I met Irina on the way to dinner, so I bought a bottle of Dom Perignon for our table. There was a receiving line consisting of all the staff, so it took a while to sit down. Phil and Judy and Tracy were at our table, and we were fortunately joined by Giuseppe and Sally. After dinner, we all trooped into the lounge to watch Adam's video of the whole trip. It was pretty good and made me think I should learn how to do something similar for my friends back home. I asked him which software he'd used and then completely forgot what he'd told me! Something Pro...

Day 19

We were all woken by Hayley on the PA at 0630 in time for breakfast at 0700. I ate with Phil, Judy and Tracy, and then we were called for our busto the airport. Tracy was on the next bus, so we said a quick goodbye. We might be having dinner tonight in Buenos Aires. Phil and Judy were on the early flight, so we said goodbye at the gate. 

When I arrived at the Hotel Pulitzer - the same place as if stayed last month - I went through my email backlog and then went out to dinner at Don Julio's. I didn't hear from Tracy, so I had to eat alone, but I didn't mind that. I had a chorizo, melted provolone and sun-dried tomato starter followed by the fillet steak with grilled vegetables and something called a suspiro porteño, which was a mish-mash of dulce de leche cream, brownie and coconut and hazel meringue. The butter was a little hard, they didn't immediately give me a clean plate for my starter, there was no sauce with the steak and the double espresso was dreadful, but the main problem with eating outside on a balmy night was the cyclists cutting right through the restaurant! By the way, BA is a small town. I know this because one of the guys at the next door table was the same guy I'd sat next to on the plane!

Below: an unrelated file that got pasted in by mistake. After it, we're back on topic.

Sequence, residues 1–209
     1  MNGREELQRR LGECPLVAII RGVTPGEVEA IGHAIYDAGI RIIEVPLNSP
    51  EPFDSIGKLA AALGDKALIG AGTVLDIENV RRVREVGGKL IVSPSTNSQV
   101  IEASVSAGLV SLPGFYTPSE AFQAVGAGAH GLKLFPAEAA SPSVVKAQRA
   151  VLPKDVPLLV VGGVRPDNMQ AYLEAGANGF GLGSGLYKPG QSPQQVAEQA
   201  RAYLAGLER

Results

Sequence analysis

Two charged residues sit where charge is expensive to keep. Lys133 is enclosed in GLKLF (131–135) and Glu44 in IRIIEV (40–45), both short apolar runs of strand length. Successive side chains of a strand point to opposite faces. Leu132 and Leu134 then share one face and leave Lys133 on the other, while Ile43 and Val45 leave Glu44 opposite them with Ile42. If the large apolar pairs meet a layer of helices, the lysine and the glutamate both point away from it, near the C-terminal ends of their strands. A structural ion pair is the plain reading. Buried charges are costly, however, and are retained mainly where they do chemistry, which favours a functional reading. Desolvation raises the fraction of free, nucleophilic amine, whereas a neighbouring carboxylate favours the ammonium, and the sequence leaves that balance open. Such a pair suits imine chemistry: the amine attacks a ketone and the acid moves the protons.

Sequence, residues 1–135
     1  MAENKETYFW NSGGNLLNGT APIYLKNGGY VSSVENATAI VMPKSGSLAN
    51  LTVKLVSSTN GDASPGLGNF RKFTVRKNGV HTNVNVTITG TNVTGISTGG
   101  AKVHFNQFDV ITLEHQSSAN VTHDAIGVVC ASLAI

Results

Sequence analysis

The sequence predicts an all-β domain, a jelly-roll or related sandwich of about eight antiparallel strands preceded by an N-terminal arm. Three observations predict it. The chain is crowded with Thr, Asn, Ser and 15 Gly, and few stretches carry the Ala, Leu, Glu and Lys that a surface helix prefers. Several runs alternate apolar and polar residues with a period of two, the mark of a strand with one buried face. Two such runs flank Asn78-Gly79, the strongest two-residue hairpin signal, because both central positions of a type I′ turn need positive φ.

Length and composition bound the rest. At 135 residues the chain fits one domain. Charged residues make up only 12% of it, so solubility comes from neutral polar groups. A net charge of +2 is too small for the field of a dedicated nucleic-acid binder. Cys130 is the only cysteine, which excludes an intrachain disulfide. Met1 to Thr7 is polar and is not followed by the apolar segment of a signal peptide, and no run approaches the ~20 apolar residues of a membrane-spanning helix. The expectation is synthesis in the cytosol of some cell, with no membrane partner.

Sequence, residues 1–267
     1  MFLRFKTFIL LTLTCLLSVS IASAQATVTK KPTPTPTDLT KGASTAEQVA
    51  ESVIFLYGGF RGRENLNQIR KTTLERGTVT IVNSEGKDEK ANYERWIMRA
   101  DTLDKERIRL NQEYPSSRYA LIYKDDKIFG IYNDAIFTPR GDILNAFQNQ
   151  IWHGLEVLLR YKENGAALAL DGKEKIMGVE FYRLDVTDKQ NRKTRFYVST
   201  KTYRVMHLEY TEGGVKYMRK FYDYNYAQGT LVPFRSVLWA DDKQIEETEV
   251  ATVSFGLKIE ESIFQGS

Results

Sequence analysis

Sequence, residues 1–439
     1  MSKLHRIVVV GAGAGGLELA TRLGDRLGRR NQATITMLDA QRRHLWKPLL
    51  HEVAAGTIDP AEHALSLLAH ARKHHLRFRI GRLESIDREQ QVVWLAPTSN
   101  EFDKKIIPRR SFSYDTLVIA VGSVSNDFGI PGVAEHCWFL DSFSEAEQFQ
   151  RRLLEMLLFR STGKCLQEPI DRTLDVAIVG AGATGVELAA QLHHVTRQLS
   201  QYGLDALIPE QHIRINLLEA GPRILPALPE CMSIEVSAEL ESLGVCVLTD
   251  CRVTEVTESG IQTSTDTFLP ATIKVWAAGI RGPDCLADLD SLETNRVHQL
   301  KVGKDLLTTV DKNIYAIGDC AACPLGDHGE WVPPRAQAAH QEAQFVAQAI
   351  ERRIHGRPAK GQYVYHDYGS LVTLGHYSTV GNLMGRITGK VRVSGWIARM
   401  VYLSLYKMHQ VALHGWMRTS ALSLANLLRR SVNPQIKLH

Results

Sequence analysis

Day 20

I did some electronic chores, published a couple of blog posts on Iguazu and Buenos Aires, upload my favourite shots to my website. The weather had changed overnight from blue skies and boiling sunshine to thunder, lightning and rain! I took a taxi and met Tracy for lunch at a place called Halina Café in Palermo. I had to get some cash out on the way, having so sensibly got rid of my last pesos at the restaurant last night, and I left my card in the machine! And I was doing so well…Anyway, we had a nice lunch, swapping stories about the cruise and Tracy’s current digs, and then we shared a cab back to the hotel. Tracy went off to get her phone fixed, and I packed for the flight home. My car picked me up at 1430 and took me to the airport, where I caught my flight to London via São Paulo - or San Pablo if ever you find yourself in an Argentine airport searching desperately for your flight! 

My Antarctic expedition was over, and I enjoyed it. I was lucky with the weather, the people I met and the chance to get up close and personal with a leopard seal! The staff were knowledgeable, the food and accommodation were perfectly good, and, most importantly, I managed to take a few good pictures! It’s an expensive voyage, and the only reason I was able to afford it was that a property deal fell through and the money for the deposit was burning a hole in my pocket (!), but that’s the very definition of the trip of a lifetime, isn’t it? It’s a journey we take only once, and probably against our better judgment, but I’d much rather regret the things I’ve done than the things I haven’t...


Wildlife sightings

Antarctic Fur Seal, Arctocephalus gazella
Antarctic Minke Whale, Balaenoptera bonaerensis
Blue Whale, Balaenoptera musculus
Commerson's Dolphin, Cephalorhynchus commersonii
Crabeater Seal, Lobodon carcinophaga
Fin Whale, Balaenoptera physalus
Hourglass Dolphin, Lagenorrhynchus cruciger
Humpback Whale, Megaptera novaeangliae
Leopard Seal, Hydrurga leptonyx